But this is not the only reason why the sweetener market looks so sweet. Sugar substitute majors are increasingly looking at a larger population across the country, which includes, in addition to diabetes patients, weight watchers and people with cholesterol problems.
“We are the first brand to not restrict ourselves to the diabetic segment alone,” declares Jyoti Shiralee, head, Marketing, Consumer Products Division, Cadila HealthCare India Ltd. Cadila Healthcare makes Sugar Free. With current sales under Rs 10 crore, Merisant, whose flagship brand is the world famous Equal, plans to to become a market leader in India by 2005, pushing a Rs 100 crore turnover.
“Merisant looks at India as one of its top three growth opportunities in the world, thanks to its increasingly health conscious, large, middle class and changing lifestyles,” says Merisant chairman and chief executive officer Arnold W Donald. Worldwide, Merisant markets table-top sweeteners under 19 different brand names.
In India, Merisant offers Equal, Flix and Sweet Choice. Flix is a low calorie, powdered soft drink. A sachet costs Rs 16. Sweet Choice is essentially for people on the move. A 100 tablet trigger pack of this sweetener is priced at Rs 60.
In the near future, Merisant plans to offer several “better for you” alternatives to chocolates and candies, under the brand name, Canderel and Perfect Pleasures. Also launched is Spoon For Spoon. This granular sweetener is available in a 45 gram jar, priced at Rs 93. “Spoon For Spoon can be used for preparing low calorie Indian desserts like kheer,” says Sanjay Nayyar, chief executive officer, South Asia, Merisant.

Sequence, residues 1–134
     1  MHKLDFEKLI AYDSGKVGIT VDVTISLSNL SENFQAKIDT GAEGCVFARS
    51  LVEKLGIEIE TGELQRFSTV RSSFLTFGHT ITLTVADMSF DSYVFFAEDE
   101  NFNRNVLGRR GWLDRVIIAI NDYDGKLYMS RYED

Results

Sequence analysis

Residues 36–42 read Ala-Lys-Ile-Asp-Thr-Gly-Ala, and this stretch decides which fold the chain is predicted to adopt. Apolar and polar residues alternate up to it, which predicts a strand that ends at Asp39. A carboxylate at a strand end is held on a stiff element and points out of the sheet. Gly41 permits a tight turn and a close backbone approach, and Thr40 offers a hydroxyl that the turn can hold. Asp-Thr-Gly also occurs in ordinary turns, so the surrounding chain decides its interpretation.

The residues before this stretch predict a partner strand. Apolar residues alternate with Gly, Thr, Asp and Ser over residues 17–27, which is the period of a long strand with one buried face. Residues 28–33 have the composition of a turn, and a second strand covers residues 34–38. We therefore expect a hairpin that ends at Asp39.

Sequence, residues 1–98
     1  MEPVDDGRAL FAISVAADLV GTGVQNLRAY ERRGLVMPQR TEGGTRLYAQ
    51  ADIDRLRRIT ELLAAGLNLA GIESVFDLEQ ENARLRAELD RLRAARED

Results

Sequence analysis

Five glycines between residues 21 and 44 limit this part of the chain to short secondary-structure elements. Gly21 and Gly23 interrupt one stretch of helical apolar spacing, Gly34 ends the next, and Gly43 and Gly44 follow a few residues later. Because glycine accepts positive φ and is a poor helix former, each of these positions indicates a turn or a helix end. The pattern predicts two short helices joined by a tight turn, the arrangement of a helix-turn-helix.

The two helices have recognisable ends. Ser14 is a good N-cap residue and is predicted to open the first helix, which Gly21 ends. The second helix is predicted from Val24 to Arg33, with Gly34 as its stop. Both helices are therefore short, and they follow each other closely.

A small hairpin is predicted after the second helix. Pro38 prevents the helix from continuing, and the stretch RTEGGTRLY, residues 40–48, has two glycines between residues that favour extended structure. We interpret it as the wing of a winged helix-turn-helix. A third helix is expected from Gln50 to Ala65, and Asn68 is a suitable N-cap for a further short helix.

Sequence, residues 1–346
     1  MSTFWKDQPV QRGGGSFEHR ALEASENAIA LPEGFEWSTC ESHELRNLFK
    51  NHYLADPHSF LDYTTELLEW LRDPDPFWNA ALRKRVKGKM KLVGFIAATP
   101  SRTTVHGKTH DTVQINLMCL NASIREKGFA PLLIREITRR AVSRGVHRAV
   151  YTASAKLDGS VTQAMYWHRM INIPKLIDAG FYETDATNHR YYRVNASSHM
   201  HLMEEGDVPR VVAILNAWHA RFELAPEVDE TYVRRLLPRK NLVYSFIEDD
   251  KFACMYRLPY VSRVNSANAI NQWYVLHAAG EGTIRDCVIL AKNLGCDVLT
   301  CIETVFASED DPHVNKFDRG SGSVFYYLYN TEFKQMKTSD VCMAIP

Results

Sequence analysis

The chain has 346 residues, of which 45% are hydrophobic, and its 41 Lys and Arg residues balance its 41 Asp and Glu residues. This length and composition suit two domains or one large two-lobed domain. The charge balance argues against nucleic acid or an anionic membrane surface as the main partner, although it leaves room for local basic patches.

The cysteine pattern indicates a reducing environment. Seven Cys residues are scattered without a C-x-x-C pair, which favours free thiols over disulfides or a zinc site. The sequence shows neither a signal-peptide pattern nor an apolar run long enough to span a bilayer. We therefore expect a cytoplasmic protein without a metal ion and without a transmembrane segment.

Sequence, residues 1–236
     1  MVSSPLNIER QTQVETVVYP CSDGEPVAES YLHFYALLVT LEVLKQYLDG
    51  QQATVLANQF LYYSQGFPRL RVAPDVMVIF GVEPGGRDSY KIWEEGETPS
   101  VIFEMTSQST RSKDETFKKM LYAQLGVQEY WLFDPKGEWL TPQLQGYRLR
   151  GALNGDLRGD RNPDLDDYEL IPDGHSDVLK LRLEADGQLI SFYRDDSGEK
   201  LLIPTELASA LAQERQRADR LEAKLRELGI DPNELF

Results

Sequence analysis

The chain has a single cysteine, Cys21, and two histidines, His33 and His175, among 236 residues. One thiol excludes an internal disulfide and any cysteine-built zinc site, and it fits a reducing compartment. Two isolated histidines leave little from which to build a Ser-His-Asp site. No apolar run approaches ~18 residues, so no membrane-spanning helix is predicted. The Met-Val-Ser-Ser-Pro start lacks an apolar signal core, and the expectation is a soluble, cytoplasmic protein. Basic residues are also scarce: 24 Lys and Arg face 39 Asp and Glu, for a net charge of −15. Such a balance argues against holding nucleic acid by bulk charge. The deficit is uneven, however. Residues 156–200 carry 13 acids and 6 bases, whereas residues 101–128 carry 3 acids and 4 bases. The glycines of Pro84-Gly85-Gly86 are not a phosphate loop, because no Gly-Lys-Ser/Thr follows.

“We plan to leverage Equal’s strong medical equity worldwide in India. We will also come up with value brands for people who can’t afford our mainstay products,” says Mr Nayyar.
Boots Piramal Healthcare Ltd’s Sweetex comes in both liquid (Rs 31 for 25 ml) and pellet (Rs 30 for 250 pellets) form. Sweetex Aspartame contains 100 pellets priced at Rs 45.
Like Merisant’s Spoon For Spoon, Piramal and Cadila also plan to bring out their powder concentrates, for use in desserts. Piramal’s powder concentrate is in the boardroom stage. The company plans a national roll-out within the next two or three months. Cadila’s 100 teaspoon serving powder concentrate, priced at Rs 80, should hit the market within the next few days. “This is an extension of Sugar Free in powder form. The idea is to use it for desserts,” says Ms Shiralee. Cadila also plans to give a recipe booklet with its 360 pack of Sugar Free pellets in the near future.
Sugar substitutes are not without their shortcomings. A key ingredient of these substitutes is aspartame, a low calorie sugar substitute discovered in 1981 that contains two protein derivatives, phenylalanine and aspartic acid, and a small proportion of methanol content. Some studies done abroad have suggested that aspartame could probably trigger cancer. But all the substitute majors are dismissive of this possibility. “In the western countries, there is a large presence of vested groups and pressure groups. They blame aspartame for everything—right from headaches to cancer,” quips Ms Shiralee. She adds: “A number of sugar lobbies are also involved in spreading such unsubstantiated claims.” The companies claim that none of the accusations against the ingredient has been backed by adequate clinical or scientific studies.
The fear of cancer apart, sugar substitutes are still largely perceived as an OTC commodity in India. “A lot of people have queries relating to dosage,” says Mr Nayyar. All said and done, the sweetener market holds out promises of a sweeter life for Indians.